Citing the facts above, the trial court determined that “[t]rying this case in Dauphin County would provide better access to all potential witnesses and other sources of proof such as court documents from the prior Dauphin County action.” To that end, the trial court granted the transfer to Dauphin County, finding the plaintiff’s choice of forum was vexatious and oppressive to the defendants.

In considering the defendant’s connection to Philadelphia and the claim’s ties to Dauphin County, factors not previously considered in the forum non conveniens analysis, the court arguably altered the standard for forum non conveniens transfers. For the first time, a court was willing to look at the burden on the defendant of litigating in a distant forum. The court was also willing to look at the connection between the claim and the plaintiff’s chosen forum, a factor that, arguably, should also weigh in the analysis. Yet, before this change could gain momentum, the decision was appealed.

In 2012, the Pennsylvania Superior Court, in a 6-3 opinion, reversed the trial court in Bractic, despite operating under the most deferential standard of review. Bractic v. Rubendall, 43 A.3d 497 (Pa.Super. 2012), appeal granted by Bractic v. Rubendall, 2013 Pa. LEXIS 702 (2013). First, the appellate court found that the trial court, in its analysis, improperly considered the fact that the defendants were not from Philadelphia County. Secondly, the appellate court noted that there is “a vast difference between a finding of inconvenience and one of oppressiveness.” Consequently, the fact that the prior proceeding took place in Dauphin County and that the defendants had minimal connections to Philadelphia were not enough to merit the transfer.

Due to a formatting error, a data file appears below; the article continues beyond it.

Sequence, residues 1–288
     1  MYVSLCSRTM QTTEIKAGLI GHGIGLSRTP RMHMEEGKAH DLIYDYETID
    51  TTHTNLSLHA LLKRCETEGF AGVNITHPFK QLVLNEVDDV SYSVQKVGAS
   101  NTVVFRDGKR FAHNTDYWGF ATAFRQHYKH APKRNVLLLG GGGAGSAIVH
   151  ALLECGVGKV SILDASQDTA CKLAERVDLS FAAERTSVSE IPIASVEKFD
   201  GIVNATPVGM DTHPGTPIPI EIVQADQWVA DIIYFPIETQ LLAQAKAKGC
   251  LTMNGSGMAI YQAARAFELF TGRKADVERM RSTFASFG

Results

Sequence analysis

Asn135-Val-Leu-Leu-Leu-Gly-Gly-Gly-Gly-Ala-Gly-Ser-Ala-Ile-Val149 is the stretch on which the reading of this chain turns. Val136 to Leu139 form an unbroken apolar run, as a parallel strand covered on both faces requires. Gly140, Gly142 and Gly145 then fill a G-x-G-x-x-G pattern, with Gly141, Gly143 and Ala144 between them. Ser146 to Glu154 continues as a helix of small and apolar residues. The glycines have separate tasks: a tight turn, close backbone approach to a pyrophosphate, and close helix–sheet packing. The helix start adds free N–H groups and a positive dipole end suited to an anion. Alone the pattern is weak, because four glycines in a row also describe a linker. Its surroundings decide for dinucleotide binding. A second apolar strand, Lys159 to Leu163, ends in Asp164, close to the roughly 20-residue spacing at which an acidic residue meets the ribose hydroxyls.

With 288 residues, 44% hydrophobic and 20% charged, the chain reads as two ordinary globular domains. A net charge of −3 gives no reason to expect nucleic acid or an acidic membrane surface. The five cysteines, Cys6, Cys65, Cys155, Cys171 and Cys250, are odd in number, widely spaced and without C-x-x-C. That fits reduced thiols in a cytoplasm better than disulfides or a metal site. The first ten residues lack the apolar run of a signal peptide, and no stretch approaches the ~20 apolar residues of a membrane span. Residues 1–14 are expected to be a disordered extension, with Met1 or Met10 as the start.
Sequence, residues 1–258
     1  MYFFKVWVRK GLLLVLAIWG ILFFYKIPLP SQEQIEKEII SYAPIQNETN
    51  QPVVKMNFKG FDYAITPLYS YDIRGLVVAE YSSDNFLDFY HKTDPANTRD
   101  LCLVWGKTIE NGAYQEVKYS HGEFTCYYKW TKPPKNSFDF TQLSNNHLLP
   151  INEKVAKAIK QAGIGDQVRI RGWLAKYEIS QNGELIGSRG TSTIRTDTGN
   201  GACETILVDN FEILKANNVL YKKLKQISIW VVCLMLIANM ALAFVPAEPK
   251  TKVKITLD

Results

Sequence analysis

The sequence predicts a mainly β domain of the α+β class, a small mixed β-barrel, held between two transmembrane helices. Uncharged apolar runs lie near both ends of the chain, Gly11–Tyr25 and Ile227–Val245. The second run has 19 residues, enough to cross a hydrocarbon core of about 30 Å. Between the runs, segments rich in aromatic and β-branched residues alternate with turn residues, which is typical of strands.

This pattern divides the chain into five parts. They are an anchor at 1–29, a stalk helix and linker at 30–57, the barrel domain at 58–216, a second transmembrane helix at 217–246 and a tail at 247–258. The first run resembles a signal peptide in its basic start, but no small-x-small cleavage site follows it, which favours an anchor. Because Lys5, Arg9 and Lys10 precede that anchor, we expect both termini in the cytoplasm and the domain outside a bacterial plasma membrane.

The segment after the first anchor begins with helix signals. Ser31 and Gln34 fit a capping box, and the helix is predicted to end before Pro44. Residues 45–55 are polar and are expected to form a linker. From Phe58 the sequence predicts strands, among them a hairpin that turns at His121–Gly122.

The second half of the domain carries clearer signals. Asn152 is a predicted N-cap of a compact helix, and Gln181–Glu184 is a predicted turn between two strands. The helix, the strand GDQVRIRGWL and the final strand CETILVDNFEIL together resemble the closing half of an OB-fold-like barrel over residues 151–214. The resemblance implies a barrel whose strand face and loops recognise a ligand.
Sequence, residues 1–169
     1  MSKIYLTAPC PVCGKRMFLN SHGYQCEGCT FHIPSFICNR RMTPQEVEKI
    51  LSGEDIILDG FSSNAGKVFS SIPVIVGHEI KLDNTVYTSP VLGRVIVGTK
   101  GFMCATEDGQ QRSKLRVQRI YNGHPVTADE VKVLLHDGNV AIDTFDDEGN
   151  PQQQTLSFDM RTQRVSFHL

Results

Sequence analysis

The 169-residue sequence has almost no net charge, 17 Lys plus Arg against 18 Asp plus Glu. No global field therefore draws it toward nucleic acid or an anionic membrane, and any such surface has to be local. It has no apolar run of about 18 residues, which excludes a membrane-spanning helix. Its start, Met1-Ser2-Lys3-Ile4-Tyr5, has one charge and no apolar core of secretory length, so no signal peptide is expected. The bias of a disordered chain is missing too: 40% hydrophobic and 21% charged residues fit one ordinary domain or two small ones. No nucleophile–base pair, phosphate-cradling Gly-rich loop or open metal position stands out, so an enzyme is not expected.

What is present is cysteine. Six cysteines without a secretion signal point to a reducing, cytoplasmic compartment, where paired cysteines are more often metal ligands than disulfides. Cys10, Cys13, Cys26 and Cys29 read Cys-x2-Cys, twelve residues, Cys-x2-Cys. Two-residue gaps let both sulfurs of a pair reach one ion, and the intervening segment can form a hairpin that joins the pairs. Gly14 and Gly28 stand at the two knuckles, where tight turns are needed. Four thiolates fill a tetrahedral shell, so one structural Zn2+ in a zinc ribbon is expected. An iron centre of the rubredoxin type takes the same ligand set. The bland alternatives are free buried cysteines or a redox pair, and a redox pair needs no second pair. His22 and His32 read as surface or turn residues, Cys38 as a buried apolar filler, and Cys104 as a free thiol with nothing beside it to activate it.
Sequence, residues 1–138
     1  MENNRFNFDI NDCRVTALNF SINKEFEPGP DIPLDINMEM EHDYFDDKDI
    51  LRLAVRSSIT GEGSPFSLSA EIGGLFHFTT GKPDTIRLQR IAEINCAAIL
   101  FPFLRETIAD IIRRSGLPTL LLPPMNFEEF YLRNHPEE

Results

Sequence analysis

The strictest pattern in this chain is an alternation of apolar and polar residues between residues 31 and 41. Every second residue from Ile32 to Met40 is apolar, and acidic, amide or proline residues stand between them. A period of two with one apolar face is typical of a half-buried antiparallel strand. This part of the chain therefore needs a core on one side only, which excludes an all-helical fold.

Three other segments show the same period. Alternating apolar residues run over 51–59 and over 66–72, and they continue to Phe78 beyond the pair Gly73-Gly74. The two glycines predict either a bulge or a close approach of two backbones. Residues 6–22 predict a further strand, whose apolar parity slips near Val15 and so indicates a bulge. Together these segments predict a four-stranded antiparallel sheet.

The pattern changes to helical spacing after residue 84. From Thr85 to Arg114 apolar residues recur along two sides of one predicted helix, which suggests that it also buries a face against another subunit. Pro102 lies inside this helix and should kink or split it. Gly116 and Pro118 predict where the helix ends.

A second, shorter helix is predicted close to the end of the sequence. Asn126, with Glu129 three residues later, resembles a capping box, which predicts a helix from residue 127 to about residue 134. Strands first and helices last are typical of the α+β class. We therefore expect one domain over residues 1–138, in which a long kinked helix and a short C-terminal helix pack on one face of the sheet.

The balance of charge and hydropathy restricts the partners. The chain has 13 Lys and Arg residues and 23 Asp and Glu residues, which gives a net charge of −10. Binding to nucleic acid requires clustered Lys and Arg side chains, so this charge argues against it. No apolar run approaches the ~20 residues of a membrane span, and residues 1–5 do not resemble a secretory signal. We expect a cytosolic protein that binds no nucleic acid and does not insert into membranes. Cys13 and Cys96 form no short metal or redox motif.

As for the witnesses, the court highlighted that four of the eight witnesses were employees of the defendant. For that reason, it did not credit the hardships they would face because, implicitly, it expected that those witnesses would be compensated. As for the costs to the defendants, the court saw them as normal litigation expenses. The court also noted that the remaining four witnesses, all engaged in client-based professions, failed to establish how the trial would affect their business.

The dissent noted that the effect of this opinion was to create an “excessively high burden.” The dissent would have found that the burden for forum non conveniens was met and would have affirmed the lower court’s decision.

The trial court’s decision in Bractic is not dead. In 2013, the Pennsylvania Supreme Court heard arguments on appeal in Bractic v. Rubendall, 65 A.3d 294 (Pa. 2013). A decision is expected in 2014. Should the Superior Court’s decision be overturned, the trial court’s opinion may be the first step towards considering the defendant’s burden of litigating in a forum that is simply not convenient.



 

The views expressed in this document are solely the views of the author and not Martindale-Hubbell. This document is intended for informational purposes only and is not legal advice or a substitute for consultation with a licensed legal professional in a particular case or circumstance.
 

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Author
 
David Salazar
Practice Area
 
Litigation